PM urges independence 'no' as Scots ring in New Year
As Scotland rang in the New Year with traditional Hogmanay parties, British Prime Minister David Cameron urged Scots to reject independence in the 2014 referendum.
The devolved Scottish government of First Minister Alex Salmond is pushing for separation from the United Kingdom when Scots vote on September 18.
In his New Year message on Tuesday, Salmond urged Scots to seize the "opportunity of a lifetime".
"2014 will be a truly amazing year, one where the eyes of the world will be on Scotland," he said.
"Let's make sure that 2014 is the year when we take responsibility for shaping our own future."
However, Cameron said the referendum mattered to the whole of the UK and urged Scots to reject independence, saying "we want you to stay".
"This is not a vote for the next few years but a vote that could change our country forever," he said Wednesday in a statement released just after midnight.
"Our family of nations is at its best when we work together with shared interest and common purpose.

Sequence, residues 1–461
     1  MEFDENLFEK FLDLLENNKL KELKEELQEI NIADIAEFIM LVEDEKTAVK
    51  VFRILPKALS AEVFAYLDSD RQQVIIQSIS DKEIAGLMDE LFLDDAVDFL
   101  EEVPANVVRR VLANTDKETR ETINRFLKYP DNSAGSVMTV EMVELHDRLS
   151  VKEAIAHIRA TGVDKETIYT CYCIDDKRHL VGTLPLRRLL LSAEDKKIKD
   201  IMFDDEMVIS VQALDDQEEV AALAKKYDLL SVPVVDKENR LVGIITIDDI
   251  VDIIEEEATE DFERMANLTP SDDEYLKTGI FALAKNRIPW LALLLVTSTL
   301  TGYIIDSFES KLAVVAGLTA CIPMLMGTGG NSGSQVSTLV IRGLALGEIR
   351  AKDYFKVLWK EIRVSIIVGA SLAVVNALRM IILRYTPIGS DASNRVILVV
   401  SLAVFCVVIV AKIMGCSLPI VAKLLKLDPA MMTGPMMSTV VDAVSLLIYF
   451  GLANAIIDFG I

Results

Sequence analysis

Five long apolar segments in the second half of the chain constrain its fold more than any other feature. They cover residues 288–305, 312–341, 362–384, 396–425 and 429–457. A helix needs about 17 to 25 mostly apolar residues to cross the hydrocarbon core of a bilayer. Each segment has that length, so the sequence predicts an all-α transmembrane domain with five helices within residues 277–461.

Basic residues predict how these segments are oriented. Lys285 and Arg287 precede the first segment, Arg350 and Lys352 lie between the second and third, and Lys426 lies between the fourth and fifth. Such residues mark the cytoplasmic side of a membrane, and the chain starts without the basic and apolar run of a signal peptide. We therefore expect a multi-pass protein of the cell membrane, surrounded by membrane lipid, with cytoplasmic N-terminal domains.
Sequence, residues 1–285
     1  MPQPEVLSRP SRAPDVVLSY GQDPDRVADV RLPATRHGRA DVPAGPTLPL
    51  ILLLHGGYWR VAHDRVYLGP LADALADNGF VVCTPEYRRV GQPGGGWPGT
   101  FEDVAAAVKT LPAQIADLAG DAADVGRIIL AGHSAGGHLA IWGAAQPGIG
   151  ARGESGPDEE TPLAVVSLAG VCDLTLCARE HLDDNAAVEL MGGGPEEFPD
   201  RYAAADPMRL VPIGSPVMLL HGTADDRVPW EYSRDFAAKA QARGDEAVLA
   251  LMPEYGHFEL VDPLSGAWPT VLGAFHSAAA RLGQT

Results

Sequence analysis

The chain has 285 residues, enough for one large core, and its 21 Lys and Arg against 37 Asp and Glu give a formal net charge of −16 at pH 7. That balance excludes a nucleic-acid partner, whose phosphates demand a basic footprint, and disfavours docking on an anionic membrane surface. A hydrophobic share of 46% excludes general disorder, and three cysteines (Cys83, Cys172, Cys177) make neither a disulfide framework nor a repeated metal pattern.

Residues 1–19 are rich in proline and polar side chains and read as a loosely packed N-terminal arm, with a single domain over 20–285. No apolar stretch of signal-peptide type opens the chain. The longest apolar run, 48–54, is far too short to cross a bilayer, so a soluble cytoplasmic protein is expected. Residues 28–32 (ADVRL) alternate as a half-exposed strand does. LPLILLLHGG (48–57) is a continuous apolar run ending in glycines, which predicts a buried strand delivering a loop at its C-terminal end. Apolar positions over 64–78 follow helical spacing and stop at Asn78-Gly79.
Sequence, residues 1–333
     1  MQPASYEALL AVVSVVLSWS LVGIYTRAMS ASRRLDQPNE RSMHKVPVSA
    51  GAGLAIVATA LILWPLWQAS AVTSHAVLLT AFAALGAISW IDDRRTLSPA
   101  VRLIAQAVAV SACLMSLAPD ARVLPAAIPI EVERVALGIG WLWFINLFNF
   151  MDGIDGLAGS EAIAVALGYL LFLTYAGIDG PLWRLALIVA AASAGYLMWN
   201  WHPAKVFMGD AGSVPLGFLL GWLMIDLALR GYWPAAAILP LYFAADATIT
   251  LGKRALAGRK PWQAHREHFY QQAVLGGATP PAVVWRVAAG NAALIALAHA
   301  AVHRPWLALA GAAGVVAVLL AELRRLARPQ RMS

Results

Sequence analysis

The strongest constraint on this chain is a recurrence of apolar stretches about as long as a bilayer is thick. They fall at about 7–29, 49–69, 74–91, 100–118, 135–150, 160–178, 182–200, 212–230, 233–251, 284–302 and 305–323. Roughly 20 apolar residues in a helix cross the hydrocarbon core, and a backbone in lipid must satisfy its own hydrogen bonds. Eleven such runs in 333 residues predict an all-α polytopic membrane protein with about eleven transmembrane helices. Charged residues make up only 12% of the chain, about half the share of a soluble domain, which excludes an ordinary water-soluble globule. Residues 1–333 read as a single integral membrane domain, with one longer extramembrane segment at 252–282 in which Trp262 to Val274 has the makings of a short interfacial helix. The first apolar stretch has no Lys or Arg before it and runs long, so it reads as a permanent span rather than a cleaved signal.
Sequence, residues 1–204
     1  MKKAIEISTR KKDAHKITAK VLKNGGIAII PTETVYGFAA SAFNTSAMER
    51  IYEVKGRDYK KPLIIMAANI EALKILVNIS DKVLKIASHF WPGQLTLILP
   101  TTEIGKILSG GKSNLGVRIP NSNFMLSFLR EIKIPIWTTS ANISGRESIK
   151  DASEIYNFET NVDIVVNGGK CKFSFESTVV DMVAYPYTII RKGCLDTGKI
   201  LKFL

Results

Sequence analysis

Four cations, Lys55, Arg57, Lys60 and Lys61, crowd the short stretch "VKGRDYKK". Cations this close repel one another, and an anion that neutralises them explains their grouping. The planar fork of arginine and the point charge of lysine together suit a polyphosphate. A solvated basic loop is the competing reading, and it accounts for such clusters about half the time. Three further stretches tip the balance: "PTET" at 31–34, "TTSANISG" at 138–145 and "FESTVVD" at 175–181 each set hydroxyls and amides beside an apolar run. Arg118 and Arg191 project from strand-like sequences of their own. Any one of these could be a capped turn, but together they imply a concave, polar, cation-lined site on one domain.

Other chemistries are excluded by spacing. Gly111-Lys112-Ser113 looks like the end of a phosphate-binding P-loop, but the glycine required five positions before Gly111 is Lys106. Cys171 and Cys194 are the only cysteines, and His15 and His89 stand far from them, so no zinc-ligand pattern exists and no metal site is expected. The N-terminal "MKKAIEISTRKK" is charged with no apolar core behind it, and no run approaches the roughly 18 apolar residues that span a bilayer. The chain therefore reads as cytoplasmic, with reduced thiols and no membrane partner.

"This year let the message go out from England, Wales and Northern Ireland to everyone in Scotland: we want you to stay and together we can build an even stronger United Kingdom."
Polls consistently suggest Scots favour remaining in the 300-year-old political union.
2014 is a big year for Scotland as alongside the referendum, Glasgow will host the Commonwealth Games while Gleneagles stages golf's Ryder Cup.
The New Year was welcomed in by an estimated 80,000 people in central Edinburgh.
They counted down the last seconds of 2013 before a fireworks display over Edinburgh Castle.
Revellers then joined in the traditional "Auld Lang Syne" singalong.
"There are people from more than 65 countries here," said Pete Irvine, director of Edinburgh Hogmanay organiser Unique Events.
"Huge numbers of people from Japan, Korea and China are here and they're totally welcome."
Businessman Andrew Murray, from Barrhead near Glasgow, said: "I've never seen so many people smiling. There's a real feel-good factor going into 2014, when there's so much happening for the country."
© 2014 AFP